I. He taught that we have free will. Christ is a fisherman, “angling for you,” but “He waits for each man’s genuine will” (Procatechesis, 1, 5). Cyril was no Calvinist; he believed in—dare we say it, Dr.* White?—synergism. We must cooperate with grace (3:3). Sin, Cyril says, is “an offspring of the will”; and he quotes Ephesians 2:10 to show that sin may be overcome by good works (2:1; cf. 4:19-22). Satan “does not get the mastery by force over those who do not consent” (2:3); “the will also is required” (2:5). For the soul “has free power to do what it wills,” and any other belief—pay attention, Dr.* White—is mere astrology (4:18).

II. He taught that the Church is liturgical and sacramental. He refers to the Rite of Exorcism for the unbaptized (Pro. 9).

III. He taught that baptism is salvific. Baptism is “the laver of regeneration” (Pro. 11; 18:20); “the soul henceforth is cleansed from sins and has salvation.” (Pro. 9). It is a “remission of offenses,” “a death of sin,” “a holy indissoluble seal,” and “fellowship in holy mysteries” (Pro. 16). It is “the spiritual new birth of the soul” (1:2). The water of baptism gives “spiritual grace” and “acquires a new power of holiness” (3:3; cf. 13:21). “If any man receive not baptism,” Cyril says, “he has not salvation” (3:10). Baptism forgives sins: “All things whatsoever you have done will be forgiven you” (3:15). As authority for this teaching, Cyril cites Ezek. 36:25. Baptism, Cyril says, replaces circumcision (5:6).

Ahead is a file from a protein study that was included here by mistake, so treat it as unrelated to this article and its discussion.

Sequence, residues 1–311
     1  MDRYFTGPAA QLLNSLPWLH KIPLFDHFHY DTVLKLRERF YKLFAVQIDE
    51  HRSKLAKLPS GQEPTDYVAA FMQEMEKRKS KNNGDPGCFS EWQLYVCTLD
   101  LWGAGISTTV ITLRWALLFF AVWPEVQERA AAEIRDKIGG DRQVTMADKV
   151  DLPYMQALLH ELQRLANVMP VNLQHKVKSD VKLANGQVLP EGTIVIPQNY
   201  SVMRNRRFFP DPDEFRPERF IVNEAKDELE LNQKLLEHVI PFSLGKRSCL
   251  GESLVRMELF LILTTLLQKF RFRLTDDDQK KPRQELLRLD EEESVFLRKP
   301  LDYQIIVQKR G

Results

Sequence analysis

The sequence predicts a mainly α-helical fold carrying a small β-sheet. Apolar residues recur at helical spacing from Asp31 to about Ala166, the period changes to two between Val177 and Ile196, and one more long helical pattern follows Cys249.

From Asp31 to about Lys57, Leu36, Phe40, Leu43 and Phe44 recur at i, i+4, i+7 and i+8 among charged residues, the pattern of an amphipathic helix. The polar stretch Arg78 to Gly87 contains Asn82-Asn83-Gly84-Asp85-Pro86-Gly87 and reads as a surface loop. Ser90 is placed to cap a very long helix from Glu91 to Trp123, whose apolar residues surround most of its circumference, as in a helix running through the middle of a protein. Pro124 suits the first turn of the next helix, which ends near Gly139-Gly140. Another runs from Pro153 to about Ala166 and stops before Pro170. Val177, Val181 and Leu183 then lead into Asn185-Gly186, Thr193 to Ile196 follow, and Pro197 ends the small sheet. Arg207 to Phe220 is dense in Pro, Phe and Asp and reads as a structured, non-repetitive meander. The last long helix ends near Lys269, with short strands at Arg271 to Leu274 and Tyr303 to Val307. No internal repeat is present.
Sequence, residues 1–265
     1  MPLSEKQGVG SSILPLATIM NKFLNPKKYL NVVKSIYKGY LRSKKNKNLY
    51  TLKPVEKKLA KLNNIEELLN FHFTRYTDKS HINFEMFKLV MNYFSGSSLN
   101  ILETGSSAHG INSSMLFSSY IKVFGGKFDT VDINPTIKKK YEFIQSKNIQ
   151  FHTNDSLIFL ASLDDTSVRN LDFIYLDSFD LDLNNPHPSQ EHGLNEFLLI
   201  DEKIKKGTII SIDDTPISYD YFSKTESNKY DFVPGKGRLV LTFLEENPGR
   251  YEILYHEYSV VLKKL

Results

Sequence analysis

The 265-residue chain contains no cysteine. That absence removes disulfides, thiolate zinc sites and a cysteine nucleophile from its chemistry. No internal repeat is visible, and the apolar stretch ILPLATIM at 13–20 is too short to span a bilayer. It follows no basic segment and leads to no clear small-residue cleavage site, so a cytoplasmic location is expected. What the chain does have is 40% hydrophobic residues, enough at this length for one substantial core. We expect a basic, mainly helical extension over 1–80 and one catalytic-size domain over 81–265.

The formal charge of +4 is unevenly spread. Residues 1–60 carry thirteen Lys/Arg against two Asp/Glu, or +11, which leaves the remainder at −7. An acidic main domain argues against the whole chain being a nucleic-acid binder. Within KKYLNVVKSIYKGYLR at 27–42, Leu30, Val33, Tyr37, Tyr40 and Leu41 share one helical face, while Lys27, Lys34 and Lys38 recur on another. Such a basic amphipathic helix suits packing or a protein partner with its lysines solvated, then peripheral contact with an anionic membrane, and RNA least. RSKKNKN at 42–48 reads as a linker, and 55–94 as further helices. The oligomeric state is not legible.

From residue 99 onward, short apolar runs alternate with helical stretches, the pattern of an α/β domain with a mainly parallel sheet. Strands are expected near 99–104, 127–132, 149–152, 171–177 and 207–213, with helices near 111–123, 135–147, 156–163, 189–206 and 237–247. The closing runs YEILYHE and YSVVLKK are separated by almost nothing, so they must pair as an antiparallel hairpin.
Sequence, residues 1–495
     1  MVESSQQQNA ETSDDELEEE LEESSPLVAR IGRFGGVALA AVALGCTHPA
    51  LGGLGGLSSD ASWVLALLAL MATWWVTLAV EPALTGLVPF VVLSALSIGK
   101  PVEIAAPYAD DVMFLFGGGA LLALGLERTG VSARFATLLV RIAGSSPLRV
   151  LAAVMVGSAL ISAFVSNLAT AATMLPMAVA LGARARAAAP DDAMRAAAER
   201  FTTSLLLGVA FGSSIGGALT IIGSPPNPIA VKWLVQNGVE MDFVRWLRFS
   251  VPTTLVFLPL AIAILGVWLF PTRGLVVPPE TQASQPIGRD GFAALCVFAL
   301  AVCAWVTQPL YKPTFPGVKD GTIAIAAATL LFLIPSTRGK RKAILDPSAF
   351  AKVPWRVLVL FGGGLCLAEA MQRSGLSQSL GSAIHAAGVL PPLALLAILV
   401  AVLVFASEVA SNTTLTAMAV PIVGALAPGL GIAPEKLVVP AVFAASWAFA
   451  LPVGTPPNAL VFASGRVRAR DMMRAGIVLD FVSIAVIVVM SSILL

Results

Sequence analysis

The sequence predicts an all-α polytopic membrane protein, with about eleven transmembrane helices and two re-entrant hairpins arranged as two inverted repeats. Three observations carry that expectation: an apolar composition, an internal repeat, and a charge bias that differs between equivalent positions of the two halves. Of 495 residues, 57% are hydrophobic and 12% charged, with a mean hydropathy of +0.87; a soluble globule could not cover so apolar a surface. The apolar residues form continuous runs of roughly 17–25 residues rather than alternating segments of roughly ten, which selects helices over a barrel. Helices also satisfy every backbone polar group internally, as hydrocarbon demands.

IV. He taught that the Church is our “Mother” (Pro. 13), into which we must be “planted” (Pro. 17).

V. He taught the Catholic tradition of taking a new name at confirmation. (1:4).

VI. He taught that Lent is a “season of confession” (1:5), and that the forgiveness of sin comes through baptism and the Church (1:6). “You see that it is good,” he says, “to make confession” (2:13); “for confession has power to quench even fire, power to tame even lions” (2:15).

VII. He taught that “the Bridegroom invites all without distinction” (3:2). Cyril did not believe in any such heresy as Limited Atonement.

VIII. He taught that we must do good works: “Neither are the doctrines acceptable to God apart from good works” (4:2). He interprets “let your light so shine before men” (Matt. 5:16) as a reference to good works (6:20; 15:26).

IX. He taught that God took His flesh from Mary (4:9).

X. He taught respect for relics. “The whole world,” he says, “has … been filled with pieces of the wood of the Cross” (4:10). Later, he says that even “the handkerchiefs and aprons bear witness [to Christ], as in like manner by Christ’s power they wrought cures of old through Paul” (6:19).